Wednesday, June 17, 2009

And now, a pause for jocularity 2

Dear Sublimity, Snookums QueryShark:

Literary agent Nicola Mersdon just wants three things:
1. An extended vacation in the Bahamas (without the slush pile)
2. A sojourn in the local bar (without the manuscript-bearing students)
And:
3. An engagement ring

But she'll settle for a drink.

Three thousand queries, and Nicola Mersdon has a problem. Her romantically-inclined acquaintance has sent her a diamond ring - without an SASE. Nicola is brought into conflict with her own conscience - can she truly accept the engagement and risk tacit support for NITWIT, a multinational alliance of vicious mass queriers and agent e-mail finders - as it did? But Nicola has a duty, and a harsh one - to reject the query. Whatever it takes.


But her querier's romantic inclinations are as nothing compared to his employers'. NITWIT are determined - and there's the devil in the details, as they offer Nicola a chance to die for: a reconciliatory holiday with her rejected. Unfortunately, NITWITs may provide cookies and scented paper, but honeymoons aren't their speciality. As Nicola finds out to her cost - brought to New York for a sacrifice upon one of agenthood's highest pinnacles of sense. Tied to Miss Snark's grave shrine in Central Park, Nicola is forced to offer her betrothed and his allies in NITWITtery a critique, forcing them to retire in shame. Then she eviscerates them.


LIFE AND LOVE IN AN SASE is an epic tale of tragedy, the human condition, and the eternal duology of love. My 200, 000 word manuscript - described as a fascinating combination of Socrates and Faulkner - is available upon request.

Thank you for your time and consideration,

Tuesday, June 9, 2009

#118-Revised

Dear Query Shark,

Safe inside the rind of Orange County, parents pay a premium to shelter their kids. If those kids lie well enough, they might even convince their parents the money paid off.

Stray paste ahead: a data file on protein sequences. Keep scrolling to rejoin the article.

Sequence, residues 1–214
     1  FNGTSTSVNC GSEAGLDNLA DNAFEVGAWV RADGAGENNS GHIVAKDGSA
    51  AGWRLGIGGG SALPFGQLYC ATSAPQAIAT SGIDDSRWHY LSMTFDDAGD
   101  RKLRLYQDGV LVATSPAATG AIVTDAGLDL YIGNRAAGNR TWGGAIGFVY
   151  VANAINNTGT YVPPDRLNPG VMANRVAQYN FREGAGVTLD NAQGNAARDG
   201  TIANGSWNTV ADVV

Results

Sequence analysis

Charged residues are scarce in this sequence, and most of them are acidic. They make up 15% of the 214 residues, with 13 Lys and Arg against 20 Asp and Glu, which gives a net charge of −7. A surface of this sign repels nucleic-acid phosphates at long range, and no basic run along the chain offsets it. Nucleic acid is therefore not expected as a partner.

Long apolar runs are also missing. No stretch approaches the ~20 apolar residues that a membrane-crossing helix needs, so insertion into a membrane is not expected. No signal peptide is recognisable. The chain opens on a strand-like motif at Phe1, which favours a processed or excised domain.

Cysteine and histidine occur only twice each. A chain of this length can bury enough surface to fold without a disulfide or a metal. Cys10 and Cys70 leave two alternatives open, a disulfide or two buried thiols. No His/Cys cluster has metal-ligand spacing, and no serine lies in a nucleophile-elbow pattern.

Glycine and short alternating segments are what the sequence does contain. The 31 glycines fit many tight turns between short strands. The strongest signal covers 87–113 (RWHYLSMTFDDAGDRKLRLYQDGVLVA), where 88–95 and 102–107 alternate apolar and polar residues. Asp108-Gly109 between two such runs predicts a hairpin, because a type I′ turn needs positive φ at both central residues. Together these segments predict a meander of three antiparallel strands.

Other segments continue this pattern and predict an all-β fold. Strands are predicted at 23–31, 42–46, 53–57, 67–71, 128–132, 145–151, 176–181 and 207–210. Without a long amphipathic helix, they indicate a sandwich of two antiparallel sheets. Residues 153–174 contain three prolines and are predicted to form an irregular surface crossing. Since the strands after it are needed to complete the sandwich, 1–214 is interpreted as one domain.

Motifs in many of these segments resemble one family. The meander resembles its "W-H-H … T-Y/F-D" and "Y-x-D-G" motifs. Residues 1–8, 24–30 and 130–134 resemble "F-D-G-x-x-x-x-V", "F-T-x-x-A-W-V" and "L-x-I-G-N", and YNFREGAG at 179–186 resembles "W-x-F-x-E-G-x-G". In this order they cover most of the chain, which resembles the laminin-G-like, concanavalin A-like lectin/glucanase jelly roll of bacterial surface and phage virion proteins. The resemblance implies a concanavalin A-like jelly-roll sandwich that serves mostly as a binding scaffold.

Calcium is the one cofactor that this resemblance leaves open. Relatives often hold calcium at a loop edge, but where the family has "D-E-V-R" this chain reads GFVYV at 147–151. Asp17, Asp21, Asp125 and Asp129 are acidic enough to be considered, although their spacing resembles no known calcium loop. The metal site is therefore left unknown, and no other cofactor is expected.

Four best friends lie artfully. They keep up with grades, church, and sports teams, all while inhaling every puff of smoke, pill, and bottle their manicured hands can grab. But the delicate line between good girl and bad begins to erode when take hold of the hottest new drug to hit their high school: crystal meth.

For two of the girls, meth is manna from heaven. It makes cocky, witty Lindsey more sure and more funny (or so she thinks). For Charity, it eradicates the self doubt, the weight consciousness, even pushes away the clouds of depression and suicidal whispers. In just two weeks, Lindsey and Charity are hooked. They cover their dilated eyes with sunglasses and explain away the weight loss; but their arrogant, careless attitudes are hard to miss. Now Charity’s mom is threatening Catholic boarding school, Lindsey could get kicked off her all-star softball team for showing up hung-over, and their juiced-up egos have their best friends, Macey and Allison, needing some space. For a wallflower like Macey, who hasn’t made a friend outside the girls in eight years, a summer without Lindsey and Charity is gloomy enough. Then Allison’s boyfriend breaks off the relationship and she crawls back to Lindsey, Charity, and their dirty little crystals for comfort. Loneliness may be Macey’s worst fear, but if she follows the girls deeper into the gritty drug world, it could cost her more than friendship.